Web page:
10/05/2019 - 12:31

WA govt $900m behind on infrastructure promises this year

10/05/2019 - 12:31

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The state government has fallen $1.7 billion behind its infrastructure spending commitments over the past two years, according to Western Australia’s civil construction industry’s peak body.

The state government will not meet its budgeted expenditure on the Yanchep Rail Extension this financial year.

The state government has fallen $1.7 billion behind its infrastructure spending commitments over the past two years, according to Western Australia’s civil construction industry’s peak body.

The Civil Contractors Federation of WA chief executive Andy Graham said yesterday’s budget papers revealed that actual spending by WA’s major infrastructure agencies will be $3.6 billion this financial year.

“Last year at this time, the State Government committed to investing more than $4.5 billion in road, rail, water, electricity and land development projects during the 2018/19 financial year – a similar spend to that outlined for 2019/20 in today’s state budget,” he said.

 “If history is any guide, we can expect another massive underspend next year too.”

Last financial year the government was approximately $800 million behind its infrastructure commitments.

Mr Graham pointed to planned expenditure on the METRONET Thornlie-Cockburn Link (TCL) and Yanchep Rail Extension (YRE) projects as an example, which was promised to be around $230 million in 2018/19 but will actually be $31.3 million.

But yesterday the state government said both projects are on track, with construction expected to start later this year.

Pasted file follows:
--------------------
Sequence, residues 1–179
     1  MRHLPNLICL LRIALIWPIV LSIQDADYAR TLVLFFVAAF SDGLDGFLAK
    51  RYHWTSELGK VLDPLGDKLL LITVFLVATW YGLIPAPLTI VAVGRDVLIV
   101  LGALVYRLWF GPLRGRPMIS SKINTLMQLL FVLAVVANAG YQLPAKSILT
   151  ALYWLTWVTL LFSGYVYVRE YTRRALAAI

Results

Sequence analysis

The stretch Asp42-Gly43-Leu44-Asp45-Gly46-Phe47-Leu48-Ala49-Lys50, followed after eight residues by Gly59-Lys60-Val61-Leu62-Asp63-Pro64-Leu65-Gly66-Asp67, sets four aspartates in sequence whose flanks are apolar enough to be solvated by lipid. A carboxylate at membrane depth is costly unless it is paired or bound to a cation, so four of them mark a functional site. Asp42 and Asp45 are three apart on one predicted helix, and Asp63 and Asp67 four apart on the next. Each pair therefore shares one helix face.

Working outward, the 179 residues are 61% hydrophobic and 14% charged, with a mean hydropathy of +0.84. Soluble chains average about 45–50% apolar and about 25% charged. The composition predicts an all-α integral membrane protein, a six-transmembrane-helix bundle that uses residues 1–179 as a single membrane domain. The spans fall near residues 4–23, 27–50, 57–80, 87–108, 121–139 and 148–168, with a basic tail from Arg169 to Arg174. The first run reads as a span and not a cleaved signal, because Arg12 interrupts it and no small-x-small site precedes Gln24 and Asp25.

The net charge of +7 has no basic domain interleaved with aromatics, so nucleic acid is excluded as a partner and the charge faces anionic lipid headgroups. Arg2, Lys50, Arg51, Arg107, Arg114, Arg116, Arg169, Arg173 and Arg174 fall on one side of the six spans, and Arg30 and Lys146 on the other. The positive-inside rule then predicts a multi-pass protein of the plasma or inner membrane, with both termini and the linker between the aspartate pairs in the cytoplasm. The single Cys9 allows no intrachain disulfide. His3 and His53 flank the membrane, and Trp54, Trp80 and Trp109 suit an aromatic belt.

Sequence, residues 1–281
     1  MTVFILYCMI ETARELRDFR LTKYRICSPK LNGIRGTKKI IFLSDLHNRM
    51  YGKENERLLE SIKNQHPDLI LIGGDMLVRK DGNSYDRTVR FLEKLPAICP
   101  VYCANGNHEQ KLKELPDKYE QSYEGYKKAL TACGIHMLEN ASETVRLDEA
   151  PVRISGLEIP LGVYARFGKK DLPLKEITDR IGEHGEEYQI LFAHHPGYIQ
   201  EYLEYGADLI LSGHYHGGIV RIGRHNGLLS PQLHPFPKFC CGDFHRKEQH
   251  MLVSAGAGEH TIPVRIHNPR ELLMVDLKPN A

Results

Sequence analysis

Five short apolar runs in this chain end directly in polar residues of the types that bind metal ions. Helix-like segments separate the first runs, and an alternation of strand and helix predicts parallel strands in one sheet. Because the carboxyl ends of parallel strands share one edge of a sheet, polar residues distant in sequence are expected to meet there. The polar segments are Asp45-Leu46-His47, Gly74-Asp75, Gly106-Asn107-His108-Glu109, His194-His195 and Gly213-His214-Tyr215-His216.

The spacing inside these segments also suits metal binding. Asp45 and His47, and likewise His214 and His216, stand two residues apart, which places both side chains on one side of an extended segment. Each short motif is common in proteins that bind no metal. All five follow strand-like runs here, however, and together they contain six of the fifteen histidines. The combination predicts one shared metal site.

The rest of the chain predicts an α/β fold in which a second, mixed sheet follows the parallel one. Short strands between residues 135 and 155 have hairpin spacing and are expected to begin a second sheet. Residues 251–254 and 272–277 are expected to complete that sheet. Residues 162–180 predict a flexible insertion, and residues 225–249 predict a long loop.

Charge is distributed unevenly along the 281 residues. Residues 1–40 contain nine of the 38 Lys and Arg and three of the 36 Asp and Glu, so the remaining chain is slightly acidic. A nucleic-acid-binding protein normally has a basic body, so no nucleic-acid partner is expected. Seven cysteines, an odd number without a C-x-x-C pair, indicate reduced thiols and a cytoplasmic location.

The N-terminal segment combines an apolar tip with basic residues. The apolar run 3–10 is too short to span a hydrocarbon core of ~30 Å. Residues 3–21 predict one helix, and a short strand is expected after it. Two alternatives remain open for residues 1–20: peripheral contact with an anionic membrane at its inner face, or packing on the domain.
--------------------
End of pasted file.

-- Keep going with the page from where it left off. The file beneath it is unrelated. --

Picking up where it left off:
Last month it announced a two short-listed consortia for construction of TCL and YRE, which have a combined budget of $1.056 billion, both headed by Spanish-owned companies CPB Contractors and ACCIONA.

The government has budgeted $278 million towards the two projects for the 2019-20 financial year.

 “CCF WA advocated for those projects to be ‘de-bundled’ into multiple contracts, allowing broader participation by local contractors, speeding up project delivery, and creating more WA jobs,” Mr Graham said.

“Instead, the government combined them into one ‘mega-project’, believing it would deliver savings – but ended up getting just two bids, which is unlikely to be an indicator of value-for-money.”

Mr Graham said there was concern that this decision was driven in part by a lack of resources in the major infrastructure delivery agencies.

“Another reason projects may fall behind schedule is planning, approval or coordination issues,” he said.

“That’s why we welcome the Government’s commitment to fast-tracking the enabling legislation for Infrastructure WA, which will provide an agreed roadmap for infrastructure planning and coordination and help beat bottlenecks.”

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